Common Relativity

There’s General Relativity and Special Relativity. And then, there’s the relativity we encounter every day.

Common Relativity

There’s General Relativity and Special Relativity. And then, there’s the relativity we encounter every day.

I’ve noticed that, when Einstein’s Theory of Relativity is discussed, it’s often described as “surprising” or “complicated”.

While it certainly was surprising at the time it was discovered, and the equations behind it may well be a bit complicated, I think the basic ideas are quite straightforward.

Or, at least, you can get used to them, the same way you get used to the strange way relativity works in day-to-day life.

Einstein had two kinds of relativity, special and general. Contrary to popular belief, Special Relativity is not more special or advanced than General Relativity. It’s just a “special case”. It works only in certain cases, when things are moving smoothly and not changing the speeds or directions in which they go.

Both kinds of relativity show their effects only when very high speeds or gravities are involved. In everyday life, their effects are so small that nobody noticed them for a very long time. Still, there are other, more common kinds of relativity that people certainly do notice.

For instance, take the peculiar habit objects have, of shrinking when they move further away and growing large when they come closer.

I was once standing at the bus-stop, waiting for my particular vehicle to arrive. When I finally spotted it coming up the road, it was so small I could block it from view with just my little finger! I would scarcely have been able to fit a paper-clip inside, let alone my whole body.

Luckily, it grew as it approached, and eventually had enough room to accommodate myself, the driver, the conductor, and, indeed, all the other passengers as well.

The weird part is, this size-change depends on where you are. I saw some people board the bus at the previous stop, while it was still no bigger than a pendrive. I wouldn’t have thought of putting even a thumb inside, but the three passengers could fit themselves in quite comfortably. They were small, too.

But that’s only from my point of view. As the passengers saw it, they would have been the right size all along, and I would have been the one that was small.

Small, mind you. Not big, but small.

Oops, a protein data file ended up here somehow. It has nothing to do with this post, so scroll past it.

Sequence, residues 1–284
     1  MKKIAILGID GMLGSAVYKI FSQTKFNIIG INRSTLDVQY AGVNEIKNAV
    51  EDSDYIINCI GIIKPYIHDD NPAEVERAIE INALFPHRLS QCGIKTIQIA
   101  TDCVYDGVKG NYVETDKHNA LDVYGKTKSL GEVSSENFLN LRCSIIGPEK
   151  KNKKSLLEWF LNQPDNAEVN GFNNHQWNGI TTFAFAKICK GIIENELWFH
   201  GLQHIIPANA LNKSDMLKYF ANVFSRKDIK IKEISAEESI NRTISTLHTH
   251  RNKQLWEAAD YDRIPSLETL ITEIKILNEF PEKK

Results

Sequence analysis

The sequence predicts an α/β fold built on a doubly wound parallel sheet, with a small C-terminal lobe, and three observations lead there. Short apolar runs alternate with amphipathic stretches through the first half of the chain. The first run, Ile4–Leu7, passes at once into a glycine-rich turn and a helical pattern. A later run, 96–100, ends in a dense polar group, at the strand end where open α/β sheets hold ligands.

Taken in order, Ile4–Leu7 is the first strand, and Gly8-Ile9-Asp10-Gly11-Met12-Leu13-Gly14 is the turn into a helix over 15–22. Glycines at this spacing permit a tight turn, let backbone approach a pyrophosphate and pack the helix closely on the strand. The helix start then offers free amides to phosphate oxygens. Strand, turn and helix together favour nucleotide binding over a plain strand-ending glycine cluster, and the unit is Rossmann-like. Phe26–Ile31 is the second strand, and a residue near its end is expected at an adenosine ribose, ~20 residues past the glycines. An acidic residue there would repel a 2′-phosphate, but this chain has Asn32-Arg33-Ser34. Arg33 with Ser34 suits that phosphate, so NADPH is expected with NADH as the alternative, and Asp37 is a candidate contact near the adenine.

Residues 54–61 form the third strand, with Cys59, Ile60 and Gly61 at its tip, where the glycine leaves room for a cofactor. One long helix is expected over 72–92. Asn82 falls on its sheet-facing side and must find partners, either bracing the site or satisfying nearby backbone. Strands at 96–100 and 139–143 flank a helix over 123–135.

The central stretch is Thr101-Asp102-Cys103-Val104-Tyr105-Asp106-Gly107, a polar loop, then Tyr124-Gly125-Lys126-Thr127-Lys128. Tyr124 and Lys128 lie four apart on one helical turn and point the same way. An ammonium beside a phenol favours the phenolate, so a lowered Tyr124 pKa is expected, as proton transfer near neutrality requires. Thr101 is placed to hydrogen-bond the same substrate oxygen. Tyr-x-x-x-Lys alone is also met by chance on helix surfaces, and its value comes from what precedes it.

You’d have thought that if one saw the others small, the others would see the first one big, wouldn’t you? That makes sense. After all, how can the passengers and I both be smaller than each other?

The reason this happens is that our sizes are related to distance — and distance depends on your point of view.

There is no ‘true’ distance of an object. Anyone who speaks about distance has to answer the question: distance from what? Different people can be different distances away from the same object, so each will see it as coming to a different size.

Of course, we could all decide on a certain spot — a TV camera, say — and agree to measure distances from there. That would be useful in some cases — like if you’re shooting for a TV programme — but it’s still arbitrary and could well have been something else.

Interestingly, Special Relativity describes a similar thing happening, but with movement. You can never tell if an object is moving smoothly or standing still, unless you decide what it’s moving compared to.

A train could be moving at 50 kilometres an hour compared to the trees outside, 29.8 kilometres per second compared to the Sun, not at all compared to the passenger playing Temple Run on a smartphone, and only a little over 10 kilometres per hour compared to the vendor going “chai-aa, chai!” and selling tea. Neither of those speeds is more ‘true’ than the others: it all depends on your point of view.

Distance depends on your point of view, or “frame of reference” as they call it. But what about size?

I’ll always be closer to myself than to the passengers, no matter how close they come. But if that distance is small enough, it won’t make any difference (or rather, the difference won’t be noticed).

So maybe we can now answer the question: what is the ‘true’ size of an object?

Right now, I’m holding up a ruler to measure my cat. She appears to be barely an inch long, from head to tail. That’s somewhat surprising, because I’ve heard of newborn mice being bigger than that.

The reason, I realised, was that the ruler was closer to me than the cat. So it hadn’t shrunk as much, and ended up giving me a much smaller measurement than otherwise. That’s why most people, when measuring objects, put the ruler right up against the object so they’re almost touching. That way, the ruler and the object shrink by exactly the same amount.

No matter how far you are from the object and ruler, the measurement will always come to the same number of inches or centimetres.

But what is a centimetre? You can say a centimetre is the distance marked on a ruler. But how do you define it by length on a ruler, if the ruler’s length keeps changing? When lengths were first standardised, they defined a ‘metre’ as the length of one particular metal rod kept in Paris. But they perhaps got confused when their distance from Paris kept changing, because now a ‘metre’ is defined as the distance light travels through a vacuum in 1/299,792,458th of a second.